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9 Brilliant Uses for Onions You Didn’t Know About

They're not just delicious! Onions can be used all over your house, not just in the kitchen.

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Eliminate new paint smell

Your bedroom’s new shade of paint looks great, but the smell is keeping you up all night. What to do? Place half a cut onion in a dish on one side of the room, and the other half on the other side of the room. It will absorb the smell within a few hours.

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Soothe a bee sting

If you have a nasty encounter with a bee at a barbecue, grab one of the onion slices intended for your burger and place it over the area where you got stung. It will ease the soreness. This trick doesn’t actually treat the sting, only the pain, so if you are severely allergic to bee or other insect stings, be sure to seek medical attention at once.

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Ease a burn

Onions aren’t just good for bee stings, they’re also great to grab if you burn yourself. Home remedy experts at The People’s Pharmacy claim that fresh onion juice is the perfect balm for a fresh burn, and will even help prevent blistering. The key word: Fresh. For this hack, you’ll want to grab a whole onion and cut it freshly, because precut slices won’t do the trick. If you don’t have onions lying around, treating burns is also one of the 14 brilliant uses for ice cubes you’ll wish you knew sooner.

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Keep avocados from browning

Fresher avocados? We’re in! TODAY reported that placing a cut onion in the container with your sliced, or otherwise cut, avocado is their all-time favorite method for helping it stay greener longer. “Sulfur dioxide is a compound used to preserve fruits,” TODAY stated. “Sulfur is a component in onions, so it stood to reason it might work similarly. By far, the best of all methods, the avocado was nearly as green as when it was cut.”

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Keep frost off your windows

Believe it or not, onions can help you winterize your car, too. In a separate report, TODAY demonstrated how you can save time scraping ice off your car on those frigid winter mornings, by simply rubbing an onion on your windshield the night before. Evidently, the sugar found in the onion juice will create a barrier between your car and the water condensation in the air. The sugar also helps break down the ice molecules more easily, making it doubly helpful.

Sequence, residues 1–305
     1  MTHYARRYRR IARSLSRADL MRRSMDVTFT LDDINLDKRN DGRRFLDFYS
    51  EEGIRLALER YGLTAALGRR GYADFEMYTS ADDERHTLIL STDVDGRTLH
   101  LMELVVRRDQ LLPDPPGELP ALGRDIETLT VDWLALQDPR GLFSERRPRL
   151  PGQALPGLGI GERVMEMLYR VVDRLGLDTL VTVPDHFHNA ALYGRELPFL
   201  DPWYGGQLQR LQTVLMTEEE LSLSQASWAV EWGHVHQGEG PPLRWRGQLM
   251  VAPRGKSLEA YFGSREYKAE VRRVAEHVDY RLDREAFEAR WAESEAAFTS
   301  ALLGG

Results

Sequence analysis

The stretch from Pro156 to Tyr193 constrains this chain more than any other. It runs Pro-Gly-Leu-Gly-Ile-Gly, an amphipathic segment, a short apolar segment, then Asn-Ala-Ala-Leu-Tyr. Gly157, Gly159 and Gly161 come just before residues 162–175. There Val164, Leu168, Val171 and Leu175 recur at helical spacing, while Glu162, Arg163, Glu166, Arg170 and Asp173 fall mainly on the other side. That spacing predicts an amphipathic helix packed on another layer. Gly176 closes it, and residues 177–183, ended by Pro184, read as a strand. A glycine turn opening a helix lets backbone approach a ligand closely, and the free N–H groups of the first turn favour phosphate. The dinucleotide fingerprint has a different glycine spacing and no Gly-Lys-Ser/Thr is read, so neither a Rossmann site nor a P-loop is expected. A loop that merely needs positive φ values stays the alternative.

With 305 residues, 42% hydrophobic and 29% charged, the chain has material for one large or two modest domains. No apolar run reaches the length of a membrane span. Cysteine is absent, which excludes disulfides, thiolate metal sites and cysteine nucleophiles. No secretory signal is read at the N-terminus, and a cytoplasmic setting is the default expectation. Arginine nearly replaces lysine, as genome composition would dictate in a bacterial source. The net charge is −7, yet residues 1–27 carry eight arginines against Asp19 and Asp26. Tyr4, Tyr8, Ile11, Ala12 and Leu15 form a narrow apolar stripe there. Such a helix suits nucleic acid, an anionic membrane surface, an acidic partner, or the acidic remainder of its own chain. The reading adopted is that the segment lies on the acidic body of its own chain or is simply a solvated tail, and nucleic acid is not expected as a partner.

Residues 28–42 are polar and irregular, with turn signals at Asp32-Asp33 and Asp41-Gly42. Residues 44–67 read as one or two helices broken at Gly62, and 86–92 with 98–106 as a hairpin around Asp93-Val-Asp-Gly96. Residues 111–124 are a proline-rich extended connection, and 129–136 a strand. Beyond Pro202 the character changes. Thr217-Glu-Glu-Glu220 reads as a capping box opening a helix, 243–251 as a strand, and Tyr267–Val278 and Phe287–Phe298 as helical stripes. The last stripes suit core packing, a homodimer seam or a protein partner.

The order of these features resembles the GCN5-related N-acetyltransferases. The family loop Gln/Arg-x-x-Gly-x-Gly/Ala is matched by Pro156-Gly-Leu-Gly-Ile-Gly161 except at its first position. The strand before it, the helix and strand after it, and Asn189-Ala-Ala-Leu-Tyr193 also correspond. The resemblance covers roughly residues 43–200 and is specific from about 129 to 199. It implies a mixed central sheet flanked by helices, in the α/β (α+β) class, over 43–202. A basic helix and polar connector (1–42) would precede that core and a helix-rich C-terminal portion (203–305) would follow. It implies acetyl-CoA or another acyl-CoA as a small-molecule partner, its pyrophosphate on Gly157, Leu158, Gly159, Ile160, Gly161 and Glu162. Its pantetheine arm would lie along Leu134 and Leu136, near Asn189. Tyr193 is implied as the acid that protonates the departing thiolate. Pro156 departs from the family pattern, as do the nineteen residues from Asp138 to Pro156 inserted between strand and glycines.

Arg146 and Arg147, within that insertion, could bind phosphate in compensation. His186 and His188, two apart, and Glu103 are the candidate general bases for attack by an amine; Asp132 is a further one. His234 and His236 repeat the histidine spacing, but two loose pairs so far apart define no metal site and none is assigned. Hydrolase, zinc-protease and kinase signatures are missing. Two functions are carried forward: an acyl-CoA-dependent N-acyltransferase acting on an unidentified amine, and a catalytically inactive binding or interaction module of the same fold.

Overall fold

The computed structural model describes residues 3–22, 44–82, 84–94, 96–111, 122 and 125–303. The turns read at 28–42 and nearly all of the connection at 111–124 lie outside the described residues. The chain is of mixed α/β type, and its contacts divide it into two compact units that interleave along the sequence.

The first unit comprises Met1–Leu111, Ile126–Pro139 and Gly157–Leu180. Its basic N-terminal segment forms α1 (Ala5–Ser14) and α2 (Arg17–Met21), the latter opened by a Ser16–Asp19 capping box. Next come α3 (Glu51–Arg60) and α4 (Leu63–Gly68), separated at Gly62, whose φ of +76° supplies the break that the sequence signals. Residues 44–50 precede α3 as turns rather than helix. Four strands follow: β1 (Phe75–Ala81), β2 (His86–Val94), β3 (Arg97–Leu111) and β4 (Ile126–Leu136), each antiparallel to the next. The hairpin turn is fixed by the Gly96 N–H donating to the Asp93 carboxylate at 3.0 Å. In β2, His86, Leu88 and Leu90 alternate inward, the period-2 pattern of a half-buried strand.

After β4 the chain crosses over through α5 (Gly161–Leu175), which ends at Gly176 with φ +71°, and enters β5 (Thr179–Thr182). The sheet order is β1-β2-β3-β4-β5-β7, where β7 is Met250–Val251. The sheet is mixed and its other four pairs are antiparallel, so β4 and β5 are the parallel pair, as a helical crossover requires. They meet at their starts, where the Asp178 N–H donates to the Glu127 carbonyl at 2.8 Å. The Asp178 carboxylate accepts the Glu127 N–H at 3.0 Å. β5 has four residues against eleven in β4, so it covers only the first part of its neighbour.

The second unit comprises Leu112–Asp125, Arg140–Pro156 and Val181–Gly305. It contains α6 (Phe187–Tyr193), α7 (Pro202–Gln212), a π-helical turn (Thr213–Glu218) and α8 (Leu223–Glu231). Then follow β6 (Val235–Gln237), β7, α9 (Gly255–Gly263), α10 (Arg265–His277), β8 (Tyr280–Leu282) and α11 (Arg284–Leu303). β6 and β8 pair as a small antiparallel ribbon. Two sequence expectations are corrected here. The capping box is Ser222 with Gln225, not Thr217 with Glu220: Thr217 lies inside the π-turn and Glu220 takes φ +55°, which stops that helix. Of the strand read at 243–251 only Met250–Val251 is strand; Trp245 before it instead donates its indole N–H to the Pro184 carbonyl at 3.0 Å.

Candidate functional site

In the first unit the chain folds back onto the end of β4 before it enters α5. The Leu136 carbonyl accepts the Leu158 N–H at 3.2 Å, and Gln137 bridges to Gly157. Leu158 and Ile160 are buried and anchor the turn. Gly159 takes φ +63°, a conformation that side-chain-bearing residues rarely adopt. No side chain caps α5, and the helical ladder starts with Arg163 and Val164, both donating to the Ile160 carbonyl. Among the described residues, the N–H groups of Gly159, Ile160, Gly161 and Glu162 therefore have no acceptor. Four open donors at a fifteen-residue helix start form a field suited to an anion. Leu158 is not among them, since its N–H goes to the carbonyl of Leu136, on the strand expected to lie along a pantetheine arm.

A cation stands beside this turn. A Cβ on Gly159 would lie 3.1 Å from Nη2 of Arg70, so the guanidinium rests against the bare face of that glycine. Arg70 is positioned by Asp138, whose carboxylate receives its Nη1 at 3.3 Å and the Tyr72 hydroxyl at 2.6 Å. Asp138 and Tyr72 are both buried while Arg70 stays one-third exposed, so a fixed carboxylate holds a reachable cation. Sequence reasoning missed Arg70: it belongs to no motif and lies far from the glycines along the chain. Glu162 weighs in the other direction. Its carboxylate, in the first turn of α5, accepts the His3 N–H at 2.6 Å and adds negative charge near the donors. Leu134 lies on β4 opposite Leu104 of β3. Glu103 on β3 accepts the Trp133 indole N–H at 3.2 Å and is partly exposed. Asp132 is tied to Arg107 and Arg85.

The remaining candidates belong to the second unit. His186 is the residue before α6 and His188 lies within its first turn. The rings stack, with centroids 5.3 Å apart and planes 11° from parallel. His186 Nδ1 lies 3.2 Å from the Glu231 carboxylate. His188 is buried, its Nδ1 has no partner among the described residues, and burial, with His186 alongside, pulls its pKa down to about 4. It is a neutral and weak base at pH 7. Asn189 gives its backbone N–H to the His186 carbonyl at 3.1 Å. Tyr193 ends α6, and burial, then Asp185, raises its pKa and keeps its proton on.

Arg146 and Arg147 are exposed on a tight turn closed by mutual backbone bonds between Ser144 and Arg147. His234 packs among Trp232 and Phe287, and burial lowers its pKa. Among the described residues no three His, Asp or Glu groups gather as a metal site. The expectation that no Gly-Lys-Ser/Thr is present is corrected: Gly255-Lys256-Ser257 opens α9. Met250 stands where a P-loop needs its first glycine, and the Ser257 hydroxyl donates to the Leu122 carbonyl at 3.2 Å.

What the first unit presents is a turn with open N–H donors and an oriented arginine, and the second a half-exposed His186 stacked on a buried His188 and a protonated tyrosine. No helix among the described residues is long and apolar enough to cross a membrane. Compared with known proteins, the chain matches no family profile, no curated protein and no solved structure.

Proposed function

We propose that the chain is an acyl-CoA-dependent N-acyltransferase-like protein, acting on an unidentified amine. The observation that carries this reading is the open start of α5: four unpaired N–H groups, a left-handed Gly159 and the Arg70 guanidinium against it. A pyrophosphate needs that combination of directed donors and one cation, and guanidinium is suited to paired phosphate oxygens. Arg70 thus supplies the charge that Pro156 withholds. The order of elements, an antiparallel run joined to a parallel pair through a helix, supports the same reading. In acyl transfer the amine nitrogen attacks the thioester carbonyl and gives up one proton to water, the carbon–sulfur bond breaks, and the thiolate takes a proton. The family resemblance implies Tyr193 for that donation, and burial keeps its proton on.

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Treat acne

Mix onion, oatmeal, and honey in a blender and spread the paste on your acne and acne scars. Speedy Remedies suggests leaving this DIY mask on for ten minutes before washing your face. Another common onion-mask mixture is 1 egg yolk, 1 tablespoon of olive oil, 2 tablespoons of onion juice, and 2 tablespoons of cucumber juice. Helping your skin looks it’s best is also one of the 26 household uses for Vaseline.

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Make a DIY dye

Save enough onion skins to fill up a pair of old pantyhose, and you can dye your own yarn and fabric. All Natural Dying has recipes that use brown and red onion skins and can create dyes in orange, brown, and rust, and even one that, with the right yarn, will turn green.

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Remove rust from knives

Forget about using steel wool or harsh chemicals—how’s this for an easy way to get the rust off your kitchen or utility knives? Plunge your rusty knife into a large onion three or four times (if it’s very rusty, it may require a few extra stabs). The only tears you shed will be ones of joy over your rust-free blade. Don’t have any fresh onions sitting around? Getting rust and tarnish off flatware is also one of the 45 aluminum foil uses you didn’t know about.

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Clean your grill

Put a freshly cut chunk of onion on the end of a fork, cut side down, and run it along the grates of the grill. The same components of the onion that give it that sharp taste will help loosen up the grime and food bits left over. The Kitchn suggests heating up the grill first to burn down any large food particles and rubbing with the onion as soon as it has cooled to a manageable temperature. We like these tricks a lot, but these onion tricks are nothing compared to the 95 household uses for vinegar you’ve never heard of.

Isabel Roy
Isabel Roy has been a writer and editor for since February of 2019. She graduated from the University of Wisconsin La Crosse with a Bachelor of Arts degree in Writing and Rhetoric. She is thrilled to be living and working in the Big Apple although she misses the easy access to freshly made Wisconsin cheese curds and Kopps Custard. When not at the Reader’s Digest office, you can find her downing too many chai lattes and rereading her favorite Harry Potter books.